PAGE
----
Innovations In Diabetes Care Around the World: Case Studies Of Care Transformation Through Accountable Care Reforms

  1. Andrea Thoumi1,
  2. Krishna Udayakumar2,
  3. Elizabeth Drobnick3,
  4. Andrea Taylor4 and
  5. Mark McClellan5,*

+Author Affiliations


  1. 1Andrea Thoumi is a research associate in the Center for Health Policy at the Brookings Institution, in Washington, D.C.

  2. 2Krishna Udayakumar is an associate professor of global health and medicine and executive director of Innovations in Healthcare, Duke University, in Durham, North Carolina.

  3. 3Elizabeth Drobnick is a research assistant in the Center for Health Policy at the Brookings Institution.

  4. 4Andrea Taylor is the senior research manager at Innovations in Healthcare, Duke University.

  5. 5Mark McClellan (mmclellan@brookings.edu) is a senior fellow and director of the Health Care Innovation and Value Initiative at the Brookings Institution.
  1. *Corresponding author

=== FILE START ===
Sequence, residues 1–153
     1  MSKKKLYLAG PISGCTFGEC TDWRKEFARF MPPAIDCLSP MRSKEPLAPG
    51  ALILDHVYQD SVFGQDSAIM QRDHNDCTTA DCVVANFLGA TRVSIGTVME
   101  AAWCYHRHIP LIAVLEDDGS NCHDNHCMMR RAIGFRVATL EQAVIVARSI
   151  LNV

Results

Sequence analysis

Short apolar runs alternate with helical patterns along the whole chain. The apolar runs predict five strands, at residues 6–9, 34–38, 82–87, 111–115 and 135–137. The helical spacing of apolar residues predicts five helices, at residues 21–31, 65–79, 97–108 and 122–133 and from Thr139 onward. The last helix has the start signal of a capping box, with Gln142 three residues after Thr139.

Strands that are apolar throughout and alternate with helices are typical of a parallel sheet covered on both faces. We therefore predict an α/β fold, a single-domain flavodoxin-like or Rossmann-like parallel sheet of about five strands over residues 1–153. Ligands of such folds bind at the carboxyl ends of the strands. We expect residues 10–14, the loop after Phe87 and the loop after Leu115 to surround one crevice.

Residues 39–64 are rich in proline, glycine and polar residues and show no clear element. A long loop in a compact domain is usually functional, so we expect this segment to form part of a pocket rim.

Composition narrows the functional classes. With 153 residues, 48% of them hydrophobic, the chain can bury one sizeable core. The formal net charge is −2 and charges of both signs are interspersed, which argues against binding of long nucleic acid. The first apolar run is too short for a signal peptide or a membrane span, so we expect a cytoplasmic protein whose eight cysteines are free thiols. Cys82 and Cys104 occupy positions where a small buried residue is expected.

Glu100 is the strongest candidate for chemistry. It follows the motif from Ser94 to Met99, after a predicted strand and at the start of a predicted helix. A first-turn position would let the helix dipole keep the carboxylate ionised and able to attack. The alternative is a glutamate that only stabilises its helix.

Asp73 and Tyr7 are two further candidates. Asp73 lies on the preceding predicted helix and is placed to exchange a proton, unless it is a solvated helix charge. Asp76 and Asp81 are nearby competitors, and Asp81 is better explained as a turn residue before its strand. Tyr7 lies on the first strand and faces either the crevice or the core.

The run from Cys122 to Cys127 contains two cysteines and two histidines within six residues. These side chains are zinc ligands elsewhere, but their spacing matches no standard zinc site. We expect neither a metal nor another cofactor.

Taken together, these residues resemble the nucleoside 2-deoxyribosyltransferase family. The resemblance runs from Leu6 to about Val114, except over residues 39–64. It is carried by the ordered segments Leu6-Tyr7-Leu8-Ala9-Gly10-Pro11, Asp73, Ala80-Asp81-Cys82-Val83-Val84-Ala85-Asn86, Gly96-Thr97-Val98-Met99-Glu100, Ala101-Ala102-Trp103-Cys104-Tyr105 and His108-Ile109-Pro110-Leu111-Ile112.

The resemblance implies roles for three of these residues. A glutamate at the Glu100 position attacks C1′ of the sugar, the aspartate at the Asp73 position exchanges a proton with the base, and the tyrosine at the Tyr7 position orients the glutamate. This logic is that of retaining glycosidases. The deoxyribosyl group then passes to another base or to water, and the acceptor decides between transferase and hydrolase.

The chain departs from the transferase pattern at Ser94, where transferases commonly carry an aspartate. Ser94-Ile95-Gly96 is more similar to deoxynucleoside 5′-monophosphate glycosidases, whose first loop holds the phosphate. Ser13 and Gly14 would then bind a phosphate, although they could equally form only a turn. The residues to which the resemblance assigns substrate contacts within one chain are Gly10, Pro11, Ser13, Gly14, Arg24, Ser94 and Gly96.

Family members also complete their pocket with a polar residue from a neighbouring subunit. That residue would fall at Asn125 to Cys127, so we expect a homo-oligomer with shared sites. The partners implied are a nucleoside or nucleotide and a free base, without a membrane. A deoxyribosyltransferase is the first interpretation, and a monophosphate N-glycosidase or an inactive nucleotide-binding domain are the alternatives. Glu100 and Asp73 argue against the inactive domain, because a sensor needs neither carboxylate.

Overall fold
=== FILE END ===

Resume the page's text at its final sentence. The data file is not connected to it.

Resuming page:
Abstract

The rising prevalence, health burden, and cost of chronic diseases such as diabetes have accelerated global interest in innovative care models that use approaches such as community-based care and information technology to improve or transform disease prevention, diagnosis, and treatment. Although evidence on the effectiveness of innovative care models is emerging, scaling up or extending these models beyond their original setting has been difficult. We developed a framework to highlight policy barriers—institutional, regulatory, and financial—to the diffusion of transformative innovations in diabetes care. The framework builds on accountable care principles that support higher-value care, or better patient-level outcomes at lower cost. We applied this framework to three case studies from the United States, Mexico, and India to describe how innovators and policy leaders have addressed barriers, with a focus on important financing barriers to provider and consumer payment. The lessons have implications for policy reform to promote innovation through new funding approaches, institutional reforms, and performance measures with the goal of addressing the growing burdens of diabetes and other chronic diseases.

Read the full article on Health Affairs

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